mind, praising God and telling of all the good things that Jesus has done for
of us will not have had such a dramatic experience of liberation. But in Holy
Baptism Jesus Christ has indeed set us free from the power of sin, death, and
evil. Now some of you may be thinking: Am I supposed to believe that some mumbled-over
tap water poured over me by some functionary is really equivalent to Jesus’
casting out legions of demons into pigs? Well, if you really want the
dramatic experience, I suppose God might be willing to take you up on it, but
for myself I’m glad that my deliverance is a little bit more prosaic. And if I
believe the word that the Church proclaims in Jesus’ name, that in my water baptism
in the name of the Father, and of the Son, and of the Holy Spirit I have
been set free from evil, death, and sin, I am indeed free, and nothing, in
the end, can harm me. Even so, I know and you know that we all have encounters
with evil in the world, even after baptism. When we have these encounters, it
is not the experience of a future liberation we crave, but the enduring fact
of baptism we cling to, in order that we may continue to live in God’s
freedom amidst powers that would enslave us until the day when they are no
have to learn how to live in the spiritual freedom won by Christ – to recognize
what would ensnare us into new bondages; and discern how to use rightly the
freedom Jesus has accomplished for us. Theologian Eric Gritsch writes, ‘Baptism
commits to a daily struggle against evil, be it manifested in confusion, a
drive to control others, or escape from daily duties.’
We are called to be non-violent and non-coercive in our words and our actions
towards others. Civil servants may coerce others, but only in the service of
public order and safety. Parents and teachers are given authority for a time
over their children in their immaturity, for the sake of them growing to
responsible adulthood. Apart from limited actions in these roles, there is no
room for Christians to be coercive, and certainly we are never to use other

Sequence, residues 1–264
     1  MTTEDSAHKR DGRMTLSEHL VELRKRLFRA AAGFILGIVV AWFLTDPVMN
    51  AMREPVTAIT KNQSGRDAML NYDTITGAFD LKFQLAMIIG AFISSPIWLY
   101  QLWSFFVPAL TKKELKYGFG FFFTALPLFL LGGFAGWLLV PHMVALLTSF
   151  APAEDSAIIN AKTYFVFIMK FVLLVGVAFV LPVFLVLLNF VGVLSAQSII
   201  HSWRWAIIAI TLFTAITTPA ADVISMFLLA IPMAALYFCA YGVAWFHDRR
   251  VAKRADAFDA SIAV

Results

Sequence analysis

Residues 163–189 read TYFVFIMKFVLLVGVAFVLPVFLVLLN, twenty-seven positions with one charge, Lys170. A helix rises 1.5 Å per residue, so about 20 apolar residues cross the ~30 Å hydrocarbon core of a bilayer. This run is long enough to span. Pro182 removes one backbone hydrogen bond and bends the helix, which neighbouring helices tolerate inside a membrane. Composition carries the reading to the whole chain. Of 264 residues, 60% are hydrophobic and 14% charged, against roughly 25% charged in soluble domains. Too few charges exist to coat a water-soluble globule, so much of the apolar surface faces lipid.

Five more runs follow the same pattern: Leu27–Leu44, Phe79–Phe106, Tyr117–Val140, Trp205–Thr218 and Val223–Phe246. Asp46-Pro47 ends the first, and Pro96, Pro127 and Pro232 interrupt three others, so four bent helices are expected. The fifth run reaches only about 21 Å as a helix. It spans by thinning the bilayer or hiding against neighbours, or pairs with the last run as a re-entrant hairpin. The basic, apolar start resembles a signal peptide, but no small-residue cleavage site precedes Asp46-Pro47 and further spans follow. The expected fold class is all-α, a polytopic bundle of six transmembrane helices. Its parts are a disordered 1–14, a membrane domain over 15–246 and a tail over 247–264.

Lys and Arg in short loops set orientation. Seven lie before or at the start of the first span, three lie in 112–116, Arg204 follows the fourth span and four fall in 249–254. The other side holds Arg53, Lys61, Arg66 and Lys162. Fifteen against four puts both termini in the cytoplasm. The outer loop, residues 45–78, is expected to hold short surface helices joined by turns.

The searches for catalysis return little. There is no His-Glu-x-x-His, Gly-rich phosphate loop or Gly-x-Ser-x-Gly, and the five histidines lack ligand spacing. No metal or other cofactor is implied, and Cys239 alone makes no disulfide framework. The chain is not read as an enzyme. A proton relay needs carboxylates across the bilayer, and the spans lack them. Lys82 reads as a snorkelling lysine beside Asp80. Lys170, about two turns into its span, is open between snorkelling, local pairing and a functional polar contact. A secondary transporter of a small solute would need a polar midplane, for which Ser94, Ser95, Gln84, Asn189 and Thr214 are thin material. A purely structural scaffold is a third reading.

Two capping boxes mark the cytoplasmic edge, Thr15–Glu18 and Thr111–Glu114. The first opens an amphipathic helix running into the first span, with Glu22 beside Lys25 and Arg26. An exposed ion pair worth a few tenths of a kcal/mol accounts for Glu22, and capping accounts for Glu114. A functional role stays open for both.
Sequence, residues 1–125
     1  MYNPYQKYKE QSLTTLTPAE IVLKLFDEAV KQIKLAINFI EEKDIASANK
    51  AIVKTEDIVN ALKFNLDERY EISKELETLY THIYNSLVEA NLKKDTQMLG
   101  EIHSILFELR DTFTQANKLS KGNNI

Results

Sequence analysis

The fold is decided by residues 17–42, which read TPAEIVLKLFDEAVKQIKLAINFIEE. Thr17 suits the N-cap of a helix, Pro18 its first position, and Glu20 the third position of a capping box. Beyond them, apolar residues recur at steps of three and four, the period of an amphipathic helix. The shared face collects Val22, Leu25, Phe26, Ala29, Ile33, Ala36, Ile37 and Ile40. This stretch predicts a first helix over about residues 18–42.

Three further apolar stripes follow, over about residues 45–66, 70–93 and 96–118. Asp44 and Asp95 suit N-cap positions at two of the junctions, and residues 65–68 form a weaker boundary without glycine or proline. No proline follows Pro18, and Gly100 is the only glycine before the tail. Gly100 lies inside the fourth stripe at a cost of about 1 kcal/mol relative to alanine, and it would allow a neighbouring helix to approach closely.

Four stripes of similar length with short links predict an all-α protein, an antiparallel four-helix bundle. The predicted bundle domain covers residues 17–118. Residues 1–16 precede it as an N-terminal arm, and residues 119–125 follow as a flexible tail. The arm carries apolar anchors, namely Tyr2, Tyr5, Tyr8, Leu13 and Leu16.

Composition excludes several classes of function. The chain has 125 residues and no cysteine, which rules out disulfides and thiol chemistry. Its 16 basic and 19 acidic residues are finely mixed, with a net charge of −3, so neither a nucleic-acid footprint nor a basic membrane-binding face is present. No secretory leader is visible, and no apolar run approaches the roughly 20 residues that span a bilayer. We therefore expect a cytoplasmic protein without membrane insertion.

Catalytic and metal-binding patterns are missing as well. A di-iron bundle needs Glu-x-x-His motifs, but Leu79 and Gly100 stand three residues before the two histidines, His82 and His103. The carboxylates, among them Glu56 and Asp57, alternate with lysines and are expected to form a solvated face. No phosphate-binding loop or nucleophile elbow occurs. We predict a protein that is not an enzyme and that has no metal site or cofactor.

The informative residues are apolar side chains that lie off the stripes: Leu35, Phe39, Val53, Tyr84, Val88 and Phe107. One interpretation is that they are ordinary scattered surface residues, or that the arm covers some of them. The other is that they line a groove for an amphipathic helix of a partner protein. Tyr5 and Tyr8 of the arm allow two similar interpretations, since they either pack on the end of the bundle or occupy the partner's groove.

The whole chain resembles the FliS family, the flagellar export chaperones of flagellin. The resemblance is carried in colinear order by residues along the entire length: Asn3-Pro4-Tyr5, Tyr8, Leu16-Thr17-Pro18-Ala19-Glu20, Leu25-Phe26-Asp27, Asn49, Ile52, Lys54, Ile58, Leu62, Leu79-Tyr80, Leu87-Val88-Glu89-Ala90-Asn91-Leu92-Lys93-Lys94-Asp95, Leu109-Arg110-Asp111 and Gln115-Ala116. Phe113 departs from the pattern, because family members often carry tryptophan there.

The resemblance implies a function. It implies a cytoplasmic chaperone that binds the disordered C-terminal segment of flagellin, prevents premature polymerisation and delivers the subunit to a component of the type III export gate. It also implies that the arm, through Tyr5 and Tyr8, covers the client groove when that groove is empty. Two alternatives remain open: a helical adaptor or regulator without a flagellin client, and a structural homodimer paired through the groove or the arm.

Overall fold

people for our own ends. We teach our children that we are to use things and
love people and not the other way around.
love people means to love them in their freedom, to respect their boundaries –
precisely what Jesus did, to refuse to overpower them even when we might think
it’s for their own good. In this way and in others we reject the way of evil
that would ensnare us again.
wise minds but more importantly with thankful hearts we are protected from evil
ways of thinking and acting. What keeps the man who had had the legion of
demons safe from evil is his daily remembrance of what God had done for him,
and his daily thankful response to God. When we gather each week, we do so in order to give thanks
for what God has done for us. We give thanks to the Father, for in Christ he
has accomplished our salvation from sin, death, and the evil one. He continues
to keep us safe through the guidance and counsel of the Holy Spirit as we journey
to him. Though sin may hinder us, evil scar our lives, and death finally or
even suddenly arrive for us, we shall not fear, for in our baptism he has promised
to forgive sin, deliver from evil, and raise from death.
One of the names for the meal
we will share together today is Eucharist – or Thanksgiving. For
the Christian, every Sunday is Thanksgiving Day, when we come together to tell
each other of the good things God has done for us. And we are sent with that good
news into the midst of a world that still only thinks in terms of power and
domination. We are sent not to ‘lord it over’ others but to lay before them, in
our free and joyful words and deeds, the possibility and promise of life in
Gritsch, Eric W. A Handbook for Christian Life in the 21st Century.
Delhi, NY: American Lutheran Publicity Bureau, 2005.